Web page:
Everyone knows what it feels like to sustain irritating mosquito bites, but some people experience more serious symptoms than others. The most common mosquito bite symptoms consist of an itchy red bump at the site of the bite wound. This itching often prompts excessive scratching that breaks the skin, causing minor bleeding, and in rare cases, this excessive itching can lead to secondary infections. For most people, this is as serious as a mosquito bite can get with the exception of bites inflicted by disease-carrying mosquitoes.
The itchy bumps that result from mosquito bites are caused by an allergic reaction to mosquito saliva, which is transmitted into the bloodstream during a bite. The immune system releases histamine after recognizing mosquito saliva as a dangerous foreign substance. Histamine increases blood flow and white blood cells to the bite wound, resulting in swelling, inflammation and itching. Everyone experiences at least a slight allergic reaction in response to mosquito bites, but some individuals experience severe allergic reactions to mosquito bites that result in large bumps, intolerable itchiness, fever and other symptoms. Those who experience these symptoms likely have a medical condition known as skeeter syndrome.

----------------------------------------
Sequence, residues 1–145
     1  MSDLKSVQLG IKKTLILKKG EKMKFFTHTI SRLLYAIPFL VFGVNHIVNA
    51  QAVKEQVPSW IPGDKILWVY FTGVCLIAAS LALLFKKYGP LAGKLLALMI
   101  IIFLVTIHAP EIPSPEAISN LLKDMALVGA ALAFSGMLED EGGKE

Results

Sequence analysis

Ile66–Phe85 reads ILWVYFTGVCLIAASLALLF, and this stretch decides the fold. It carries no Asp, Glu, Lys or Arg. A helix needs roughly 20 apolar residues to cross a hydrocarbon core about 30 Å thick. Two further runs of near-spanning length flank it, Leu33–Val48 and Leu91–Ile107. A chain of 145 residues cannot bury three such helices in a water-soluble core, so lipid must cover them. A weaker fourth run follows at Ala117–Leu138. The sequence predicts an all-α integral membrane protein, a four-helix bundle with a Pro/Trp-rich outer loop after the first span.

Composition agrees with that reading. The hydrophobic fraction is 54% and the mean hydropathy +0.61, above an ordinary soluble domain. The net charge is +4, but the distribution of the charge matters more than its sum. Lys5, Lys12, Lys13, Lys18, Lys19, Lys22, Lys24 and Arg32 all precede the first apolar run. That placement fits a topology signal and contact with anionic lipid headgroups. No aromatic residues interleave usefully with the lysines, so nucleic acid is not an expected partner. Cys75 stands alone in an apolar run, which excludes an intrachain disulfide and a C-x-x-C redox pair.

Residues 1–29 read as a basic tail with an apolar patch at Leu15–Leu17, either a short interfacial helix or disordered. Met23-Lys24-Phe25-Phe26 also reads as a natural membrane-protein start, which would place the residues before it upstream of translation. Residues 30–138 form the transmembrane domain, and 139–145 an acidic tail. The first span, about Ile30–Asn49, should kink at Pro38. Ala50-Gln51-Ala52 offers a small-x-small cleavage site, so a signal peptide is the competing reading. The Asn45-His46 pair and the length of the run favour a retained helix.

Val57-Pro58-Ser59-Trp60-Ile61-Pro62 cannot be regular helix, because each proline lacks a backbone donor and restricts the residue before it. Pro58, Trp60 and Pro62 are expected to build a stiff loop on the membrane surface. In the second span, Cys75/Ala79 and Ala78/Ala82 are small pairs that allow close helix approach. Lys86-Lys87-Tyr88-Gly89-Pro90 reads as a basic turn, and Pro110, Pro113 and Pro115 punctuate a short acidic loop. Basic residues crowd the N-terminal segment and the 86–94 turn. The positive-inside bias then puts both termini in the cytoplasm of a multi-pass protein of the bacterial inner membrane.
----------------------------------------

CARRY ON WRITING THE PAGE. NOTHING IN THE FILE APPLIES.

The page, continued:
Those with skeeter syndrome experience the full extent of symptoms within 3 to 4 hours following a bite. People with skeeter syndrome must avoid mosquito bites by wearing long sleeved clothing and applying repellent every time before setting foot outdoors. As anyone can imagine, living with skeeter syndrome can be a hassle, as those with the disease tend to avoid going outdoors during the warmer seasons. Many people with the condition have to wear scarves, and other forms of apparel that cover the skin, which can make being in the outdoors during the summer a nightmare. Whether a person has skeeter syndrome or not, avoiding bright-colored clothing and fragrances will help to prevent bites while outdoors, and considering the abundance of disease-carrying mosquitoes in the northeast this year, it would be wise for all residents in the region to behave as though they have skeeter syndrome.
Have you ever scratched mosquito bites until they bled?